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Curr Opin Rheumatol. 2009 May;21(3):262-71. doi: 10.1097/BOR.0b013e32832a2e2d.

Recent progress in rheumatoid arthritis genetics: one step towards improved patient care.

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  • 1Division of Rheumatology, Immunology and Allergy, Brigham and Women's, Hospital, Harvard Medical School, Boston, USA. rplenge@partners.org



Recent human genetic discoveries have increased our understanding of rheumatoid arthritis (RA) susceptibility. These discoveries are reviewed and placed in the context of potential important clinical applications.


Genome-wide association studies and related methodologies have expanded the number of validated RA risk loci beyond HLA-DRB1 'shared epitope' alleles to include additional major histocompatibility complex risk alleles and more than 10 regions outside the major histocompatibility complex locus. The newly discovered risk alleles are common in the general population, and most have a modest effect on risk of RA (odds ratio approximately 1.15 per copy of each risk allele). Although the actual causal mutation and causal gene for most loci remain to be determined, these studies are beginning to reveal general themes: many risk loci are associated with other autoimmune diseases, many genes fall within discrete biological pathways (e.g., the NF-kappaB signaling pathway), and human genetics can subset disease into clinically meaningful categories (e.g., presence or absence of autoantibodies).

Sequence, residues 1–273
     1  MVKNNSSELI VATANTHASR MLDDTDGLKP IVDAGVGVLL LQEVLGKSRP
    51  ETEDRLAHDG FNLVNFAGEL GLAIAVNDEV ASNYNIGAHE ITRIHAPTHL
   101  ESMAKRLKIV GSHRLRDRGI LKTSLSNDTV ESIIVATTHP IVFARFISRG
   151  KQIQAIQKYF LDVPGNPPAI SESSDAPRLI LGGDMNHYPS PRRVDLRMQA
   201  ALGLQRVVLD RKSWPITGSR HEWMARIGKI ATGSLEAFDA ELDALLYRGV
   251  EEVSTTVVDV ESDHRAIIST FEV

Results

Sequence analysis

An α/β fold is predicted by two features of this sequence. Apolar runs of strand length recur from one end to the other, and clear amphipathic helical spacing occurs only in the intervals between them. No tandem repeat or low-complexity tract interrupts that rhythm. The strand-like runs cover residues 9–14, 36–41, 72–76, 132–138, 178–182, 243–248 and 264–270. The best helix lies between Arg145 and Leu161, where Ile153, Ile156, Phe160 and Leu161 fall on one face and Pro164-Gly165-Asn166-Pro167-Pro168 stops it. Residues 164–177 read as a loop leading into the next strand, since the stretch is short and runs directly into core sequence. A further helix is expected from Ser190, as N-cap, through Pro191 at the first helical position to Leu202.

Approximately one-third of the genetic basis of RA can be explained by known risk loci. Future studies need to pinpoint the actual causal mutations, expand the number of risk loci, and translate these discoveries to improve care of patients with RA.

[PubMed - indexed for MEDLINE]
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